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Sorry to sound like a complete idiot...

Discussion in 'Amps and Cabs [BG]' started by atreyucurse, Aug 18, 2005.

  1. atreyucurse


    Feb 22, 2005
    ...but could someone please explain to me what a pre amp is and what it's uses are in live/studio work? Also what does it connect to and how in both situations? I really am sorry for sounding like such an idiot but I have no idea... :bawl:



  2. kjones


    Dec 4, 2004
    I'm going to put this in simple terms, not because of you, but because I'm not an engineer, either. Generally speaking, an amplifier needs a stronger signal than that which is put out by a passive bass. Therefore, what a preamp does is take the signal from your bass, and make it strong enough to go into your amplifier section. That's the only necessary part of a preamp.

    However, most preamps have various tone controls such as bass, treble, and middle adjustments. This is called equalization, or EQ. That allows you to affect the tone of your bass, and make it sound the way you want. Some preamps also allow adjustment of the strength of your input going into your preamp, which allows you to adjust for passive or active basses, or allows you to overdrive the preamp some to get a more aggressive tone. This is also called gain on some preamps.

    A preamp connects to several things. The wall, for power. Your bass, to get the input signal. It also connects to the amplifier, to send that signal on its way to eventually get to the speakers.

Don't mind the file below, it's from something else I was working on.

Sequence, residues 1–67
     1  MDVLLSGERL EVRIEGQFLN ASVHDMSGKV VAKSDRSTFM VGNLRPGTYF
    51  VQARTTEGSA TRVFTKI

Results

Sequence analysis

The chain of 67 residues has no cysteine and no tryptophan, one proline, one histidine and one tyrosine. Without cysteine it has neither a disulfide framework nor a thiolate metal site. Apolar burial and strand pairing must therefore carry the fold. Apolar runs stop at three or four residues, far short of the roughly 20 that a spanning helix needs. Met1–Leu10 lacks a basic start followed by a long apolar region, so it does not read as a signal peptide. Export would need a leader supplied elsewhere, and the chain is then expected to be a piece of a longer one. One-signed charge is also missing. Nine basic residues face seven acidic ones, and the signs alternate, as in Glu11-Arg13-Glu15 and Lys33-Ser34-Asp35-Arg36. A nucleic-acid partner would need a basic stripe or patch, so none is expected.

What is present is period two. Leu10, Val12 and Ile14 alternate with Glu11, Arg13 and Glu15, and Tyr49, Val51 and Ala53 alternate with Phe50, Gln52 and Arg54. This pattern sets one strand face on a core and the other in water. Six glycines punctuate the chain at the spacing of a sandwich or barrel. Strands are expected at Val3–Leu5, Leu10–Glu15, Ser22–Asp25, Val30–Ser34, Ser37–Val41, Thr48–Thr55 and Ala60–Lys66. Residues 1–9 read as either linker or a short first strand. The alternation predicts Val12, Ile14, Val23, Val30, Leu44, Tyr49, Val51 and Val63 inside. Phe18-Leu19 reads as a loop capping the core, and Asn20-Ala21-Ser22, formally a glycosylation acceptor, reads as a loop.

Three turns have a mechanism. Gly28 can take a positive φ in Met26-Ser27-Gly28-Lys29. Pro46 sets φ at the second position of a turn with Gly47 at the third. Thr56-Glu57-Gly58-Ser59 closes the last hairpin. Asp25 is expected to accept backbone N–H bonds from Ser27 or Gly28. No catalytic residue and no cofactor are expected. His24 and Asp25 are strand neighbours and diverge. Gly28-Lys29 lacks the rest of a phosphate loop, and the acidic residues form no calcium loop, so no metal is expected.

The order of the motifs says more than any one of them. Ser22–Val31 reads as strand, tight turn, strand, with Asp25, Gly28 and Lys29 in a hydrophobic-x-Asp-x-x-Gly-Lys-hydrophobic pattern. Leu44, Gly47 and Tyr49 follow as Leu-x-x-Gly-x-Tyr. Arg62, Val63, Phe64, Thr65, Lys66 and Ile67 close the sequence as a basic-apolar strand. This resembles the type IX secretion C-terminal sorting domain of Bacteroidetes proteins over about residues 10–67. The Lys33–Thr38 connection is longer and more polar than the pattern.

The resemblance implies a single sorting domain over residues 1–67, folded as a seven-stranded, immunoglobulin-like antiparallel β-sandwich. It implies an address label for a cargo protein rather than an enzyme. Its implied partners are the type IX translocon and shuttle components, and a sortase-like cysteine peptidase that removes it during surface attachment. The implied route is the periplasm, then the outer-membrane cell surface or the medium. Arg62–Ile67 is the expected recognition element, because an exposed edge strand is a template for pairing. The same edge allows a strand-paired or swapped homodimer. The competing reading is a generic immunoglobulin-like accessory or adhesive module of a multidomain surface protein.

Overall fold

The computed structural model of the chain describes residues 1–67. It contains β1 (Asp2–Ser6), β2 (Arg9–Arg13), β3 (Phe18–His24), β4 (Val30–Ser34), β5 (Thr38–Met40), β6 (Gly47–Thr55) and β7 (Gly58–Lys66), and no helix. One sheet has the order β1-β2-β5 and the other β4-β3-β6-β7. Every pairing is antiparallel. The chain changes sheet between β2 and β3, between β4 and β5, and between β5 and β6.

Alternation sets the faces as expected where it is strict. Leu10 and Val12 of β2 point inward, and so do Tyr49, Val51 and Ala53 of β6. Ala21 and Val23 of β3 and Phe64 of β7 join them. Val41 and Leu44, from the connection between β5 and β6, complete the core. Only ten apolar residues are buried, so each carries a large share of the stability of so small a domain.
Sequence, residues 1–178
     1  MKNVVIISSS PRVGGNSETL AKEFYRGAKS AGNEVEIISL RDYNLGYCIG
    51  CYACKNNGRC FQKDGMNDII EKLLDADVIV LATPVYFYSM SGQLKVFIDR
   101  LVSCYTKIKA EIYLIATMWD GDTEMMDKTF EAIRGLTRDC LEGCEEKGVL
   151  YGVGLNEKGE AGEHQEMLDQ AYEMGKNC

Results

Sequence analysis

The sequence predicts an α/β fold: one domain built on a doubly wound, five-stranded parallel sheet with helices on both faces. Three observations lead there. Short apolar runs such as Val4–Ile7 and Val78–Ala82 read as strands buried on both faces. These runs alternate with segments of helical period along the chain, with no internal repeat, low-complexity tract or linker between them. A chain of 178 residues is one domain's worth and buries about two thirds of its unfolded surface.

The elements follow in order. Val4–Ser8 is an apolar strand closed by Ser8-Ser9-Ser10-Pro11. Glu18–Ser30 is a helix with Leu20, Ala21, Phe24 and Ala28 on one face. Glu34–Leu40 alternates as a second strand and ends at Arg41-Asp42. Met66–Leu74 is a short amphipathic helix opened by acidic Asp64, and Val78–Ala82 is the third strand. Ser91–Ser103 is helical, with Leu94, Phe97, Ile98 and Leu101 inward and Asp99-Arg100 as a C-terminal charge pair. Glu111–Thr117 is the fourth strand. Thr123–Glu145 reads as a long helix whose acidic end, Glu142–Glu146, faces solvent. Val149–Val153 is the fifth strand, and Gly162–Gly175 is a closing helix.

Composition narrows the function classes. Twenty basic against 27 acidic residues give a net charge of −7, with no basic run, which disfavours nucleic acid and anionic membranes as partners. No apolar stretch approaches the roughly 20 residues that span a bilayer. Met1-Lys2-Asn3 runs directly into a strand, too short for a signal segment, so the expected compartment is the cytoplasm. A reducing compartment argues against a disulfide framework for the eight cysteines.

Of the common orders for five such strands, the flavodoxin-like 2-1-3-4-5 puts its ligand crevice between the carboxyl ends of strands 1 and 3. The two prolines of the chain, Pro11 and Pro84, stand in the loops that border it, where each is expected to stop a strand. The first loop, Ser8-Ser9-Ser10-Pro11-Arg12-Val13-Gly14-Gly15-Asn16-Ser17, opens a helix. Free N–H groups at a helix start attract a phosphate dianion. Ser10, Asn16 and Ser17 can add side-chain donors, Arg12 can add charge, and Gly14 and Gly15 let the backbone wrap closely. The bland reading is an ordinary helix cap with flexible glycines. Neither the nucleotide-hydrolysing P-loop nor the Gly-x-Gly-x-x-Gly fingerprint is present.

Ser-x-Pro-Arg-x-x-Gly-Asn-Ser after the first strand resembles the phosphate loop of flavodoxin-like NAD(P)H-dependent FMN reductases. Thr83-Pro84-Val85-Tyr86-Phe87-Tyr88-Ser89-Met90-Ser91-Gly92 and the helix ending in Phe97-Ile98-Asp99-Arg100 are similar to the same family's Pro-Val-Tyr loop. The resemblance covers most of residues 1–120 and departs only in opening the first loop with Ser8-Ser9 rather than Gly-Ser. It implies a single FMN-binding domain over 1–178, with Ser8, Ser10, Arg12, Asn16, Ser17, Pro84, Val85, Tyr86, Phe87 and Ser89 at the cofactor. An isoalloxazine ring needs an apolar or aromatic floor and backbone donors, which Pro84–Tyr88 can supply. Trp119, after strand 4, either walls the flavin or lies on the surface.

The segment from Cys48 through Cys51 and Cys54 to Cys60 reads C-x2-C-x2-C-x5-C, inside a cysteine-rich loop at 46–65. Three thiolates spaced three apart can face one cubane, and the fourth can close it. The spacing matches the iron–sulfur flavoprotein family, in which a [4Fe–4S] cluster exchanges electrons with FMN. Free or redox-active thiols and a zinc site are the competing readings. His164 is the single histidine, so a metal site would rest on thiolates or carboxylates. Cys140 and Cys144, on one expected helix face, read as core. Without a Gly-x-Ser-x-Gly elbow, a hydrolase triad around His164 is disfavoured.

So, in summary, the role of most preamps is to boost your signal, and to modify it with EQ. You should also note that many things out there commonly referred to as "amplifiers" or "heads" often have both the preamp as well as the amplifier section all in one unit, so that's all you need to plug into and that's all that gets plugged into your speaker. In fact, I would guess that many more heads are sold than separates to your common bassplayer. If the preamp, amp, and speakers are all three in one unit, that's called a "combo."
  3. Tash


    Feb 13, 2005
    Bel Air Maryland
    Most modern basses, especially those with Active pickups, put out enough voltage to be amplified directly. The main purpose of a preamp is to add color and tone shapping to a basses signal before it hits the PA or power section. A lot of bassists who do studio session work or gig at large venues with good PAs carry nothing but a preamp for shaping their tone.
  4. atreyucurse


    Feb 22, 2005

    ac :)